The amount of time most financial advisers spend on marketing could be trimmed dramatically by developing a consistent and well-crafted social media presence, according to Josh Brown, chief executive at Ritholtz Wealth Management.
Speaking Thursday morning in Miami at the MarketCounsel Summit, Mr. Brown justified his own prolific use of Twitter and blogging as a means of communicating with current and potential clients.
“I can rattle off a half-dozen advisers who started blogs in the last five years who are now running businesses that are exclusively powered by social media,” he said.
Mr. Brown, who has more than 240,000 followers on Twitter and keeps up a frantic publishing pace through his The Reformed Broker blog, didn't sugar-coat the effort it takes to build a social media footprint, but he stressed the necessity of it.
“A lot of advisers think managing client expectations happens after they become a client,” he said, emphasizing the advantages of incoming clients already being familiar with a firm's philosophy and approach for financial planning.
In addition to client communications, Mr. Brown said his firm has found that social media can be a recruitment vehicle.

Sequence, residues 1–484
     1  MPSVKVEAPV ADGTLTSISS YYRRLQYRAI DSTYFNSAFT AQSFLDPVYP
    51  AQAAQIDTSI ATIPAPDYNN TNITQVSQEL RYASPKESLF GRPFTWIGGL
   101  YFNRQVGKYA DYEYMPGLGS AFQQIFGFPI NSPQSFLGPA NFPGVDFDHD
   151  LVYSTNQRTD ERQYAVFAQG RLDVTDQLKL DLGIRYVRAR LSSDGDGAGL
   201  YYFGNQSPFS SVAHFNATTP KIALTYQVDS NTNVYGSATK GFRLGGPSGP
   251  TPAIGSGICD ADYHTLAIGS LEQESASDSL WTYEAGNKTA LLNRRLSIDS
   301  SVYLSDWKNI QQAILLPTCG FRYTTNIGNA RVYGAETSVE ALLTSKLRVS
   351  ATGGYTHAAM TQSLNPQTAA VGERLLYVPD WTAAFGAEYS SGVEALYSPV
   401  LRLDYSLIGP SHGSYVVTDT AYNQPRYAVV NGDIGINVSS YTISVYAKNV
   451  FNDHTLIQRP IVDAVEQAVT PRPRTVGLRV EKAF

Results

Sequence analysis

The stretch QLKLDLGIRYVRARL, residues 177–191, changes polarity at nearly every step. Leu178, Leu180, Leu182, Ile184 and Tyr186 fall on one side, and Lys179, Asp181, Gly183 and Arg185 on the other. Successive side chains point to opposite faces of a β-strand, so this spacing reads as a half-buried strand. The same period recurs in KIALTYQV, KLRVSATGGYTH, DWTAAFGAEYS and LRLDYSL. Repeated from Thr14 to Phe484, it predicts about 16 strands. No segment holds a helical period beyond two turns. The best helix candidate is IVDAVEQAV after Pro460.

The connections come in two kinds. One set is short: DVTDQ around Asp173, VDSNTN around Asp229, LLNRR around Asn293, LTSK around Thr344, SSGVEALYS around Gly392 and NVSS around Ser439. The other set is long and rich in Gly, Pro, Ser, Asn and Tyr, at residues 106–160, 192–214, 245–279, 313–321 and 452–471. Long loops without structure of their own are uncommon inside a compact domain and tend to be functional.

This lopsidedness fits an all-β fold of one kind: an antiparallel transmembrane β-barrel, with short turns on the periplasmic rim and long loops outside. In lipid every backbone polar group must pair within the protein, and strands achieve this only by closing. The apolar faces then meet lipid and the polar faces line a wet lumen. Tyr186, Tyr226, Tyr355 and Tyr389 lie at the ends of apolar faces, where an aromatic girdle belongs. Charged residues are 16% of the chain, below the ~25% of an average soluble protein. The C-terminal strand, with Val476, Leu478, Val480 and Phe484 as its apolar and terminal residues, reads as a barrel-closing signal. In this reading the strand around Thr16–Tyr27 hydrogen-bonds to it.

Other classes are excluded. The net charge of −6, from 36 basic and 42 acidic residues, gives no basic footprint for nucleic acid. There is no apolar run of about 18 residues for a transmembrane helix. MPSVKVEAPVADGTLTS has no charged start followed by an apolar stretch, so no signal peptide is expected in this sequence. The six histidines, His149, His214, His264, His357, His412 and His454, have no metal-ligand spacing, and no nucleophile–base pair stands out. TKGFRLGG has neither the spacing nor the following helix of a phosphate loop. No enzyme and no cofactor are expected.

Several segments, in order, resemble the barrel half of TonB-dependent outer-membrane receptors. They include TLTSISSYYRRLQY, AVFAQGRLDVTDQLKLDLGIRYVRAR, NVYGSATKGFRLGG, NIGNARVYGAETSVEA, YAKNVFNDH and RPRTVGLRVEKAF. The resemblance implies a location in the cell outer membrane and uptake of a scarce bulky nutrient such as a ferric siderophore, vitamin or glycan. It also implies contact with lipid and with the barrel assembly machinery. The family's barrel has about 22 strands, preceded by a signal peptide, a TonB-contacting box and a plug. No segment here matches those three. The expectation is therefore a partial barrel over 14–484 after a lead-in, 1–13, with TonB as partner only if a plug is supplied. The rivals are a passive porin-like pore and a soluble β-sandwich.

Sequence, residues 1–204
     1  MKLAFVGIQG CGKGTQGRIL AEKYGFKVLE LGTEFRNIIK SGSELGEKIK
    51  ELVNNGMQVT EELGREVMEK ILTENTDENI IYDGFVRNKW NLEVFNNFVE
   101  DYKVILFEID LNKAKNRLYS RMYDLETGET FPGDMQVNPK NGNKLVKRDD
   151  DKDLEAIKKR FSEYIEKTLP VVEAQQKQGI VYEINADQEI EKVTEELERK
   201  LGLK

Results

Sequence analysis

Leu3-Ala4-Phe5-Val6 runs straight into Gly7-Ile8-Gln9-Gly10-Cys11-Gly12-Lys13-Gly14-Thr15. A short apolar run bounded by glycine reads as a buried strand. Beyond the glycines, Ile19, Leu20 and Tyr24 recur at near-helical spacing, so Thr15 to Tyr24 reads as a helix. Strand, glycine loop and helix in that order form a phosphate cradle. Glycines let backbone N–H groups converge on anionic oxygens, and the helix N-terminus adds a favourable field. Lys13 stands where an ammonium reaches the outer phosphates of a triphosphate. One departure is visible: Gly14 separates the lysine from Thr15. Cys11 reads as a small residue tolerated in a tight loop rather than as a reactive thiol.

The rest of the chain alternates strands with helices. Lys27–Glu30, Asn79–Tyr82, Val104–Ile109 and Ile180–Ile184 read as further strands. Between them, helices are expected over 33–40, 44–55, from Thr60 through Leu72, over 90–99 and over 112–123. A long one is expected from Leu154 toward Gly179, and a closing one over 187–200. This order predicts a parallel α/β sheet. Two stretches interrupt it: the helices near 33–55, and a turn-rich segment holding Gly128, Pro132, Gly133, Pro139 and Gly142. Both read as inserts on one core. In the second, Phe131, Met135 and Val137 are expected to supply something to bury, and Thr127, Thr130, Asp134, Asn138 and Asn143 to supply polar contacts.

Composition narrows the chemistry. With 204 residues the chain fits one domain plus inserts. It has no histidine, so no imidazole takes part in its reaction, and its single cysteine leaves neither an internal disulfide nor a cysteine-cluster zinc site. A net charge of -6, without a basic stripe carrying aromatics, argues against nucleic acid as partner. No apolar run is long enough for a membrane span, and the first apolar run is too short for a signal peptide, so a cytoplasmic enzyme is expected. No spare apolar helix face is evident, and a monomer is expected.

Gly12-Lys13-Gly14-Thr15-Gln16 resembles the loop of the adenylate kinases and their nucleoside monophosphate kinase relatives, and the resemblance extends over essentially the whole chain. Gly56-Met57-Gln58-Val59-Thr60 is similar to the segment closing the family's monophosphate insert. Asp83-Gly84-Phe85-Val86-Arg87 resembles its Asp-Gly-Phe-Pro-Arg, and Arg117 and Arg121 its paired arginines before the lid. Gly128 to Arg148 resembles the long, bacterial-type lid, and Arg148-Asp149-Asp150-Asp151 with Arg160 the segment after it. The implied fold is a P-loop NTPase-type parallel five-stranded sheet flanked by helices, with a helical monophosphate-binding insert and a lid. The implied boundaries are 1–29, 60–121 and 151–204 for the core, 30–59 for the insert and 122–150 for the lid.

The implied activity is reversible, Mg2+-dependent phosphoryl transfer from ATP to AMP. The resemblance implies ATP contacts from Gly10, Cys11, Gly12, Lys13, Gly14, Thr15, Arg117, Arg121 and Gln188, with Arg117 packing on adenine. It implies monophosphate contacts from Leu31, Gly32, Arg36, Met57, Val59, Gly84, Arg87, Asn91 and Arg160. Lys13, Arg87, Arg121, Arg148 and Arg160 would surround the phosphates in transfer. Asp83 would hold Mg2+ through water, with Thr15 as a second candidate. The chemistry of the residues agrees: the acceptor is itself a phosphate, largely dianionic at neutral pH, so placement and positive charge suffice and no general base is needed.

“Social media has played a big role in us finding talent, and I think that's going to continue to change the way firms recruit,” he said.
On the matter of actually blogging and tweeting, Mr. Brown advised jumping in by just launching a blog and then publishing short posts as often as possible.
“You have to have an idea readers want to consume, and just go with that. Blog posts should never be longer than 500 words, because if they can't see the bottom of the post from a desktop computer people won't start reading it,” he said. “Build an audience by writing consistently. The hard part is starting and the second hardest part is maintaining some rhythm. Consistency is more important than brilliance.”
In terms of Twitter, Mr. Brown contrasted his firm's corporate account, @RitholtzWealth, with his personal account, @ReformedBroker.
He said the corporate account, which has fewer than 3,200 followers, is designed to be more professional looking and just post information related to the firm and its business.
But when it comes to his personal Twitter account, Mr. Brown said he tries to have more fun while subscribing to a few basic rules.
“I don't fight with people on Twitter, ever,” he said. “People will say horrible things to me and I will never respond. Anyone can get themselves in trouble if they don't think twice before they hit publish.”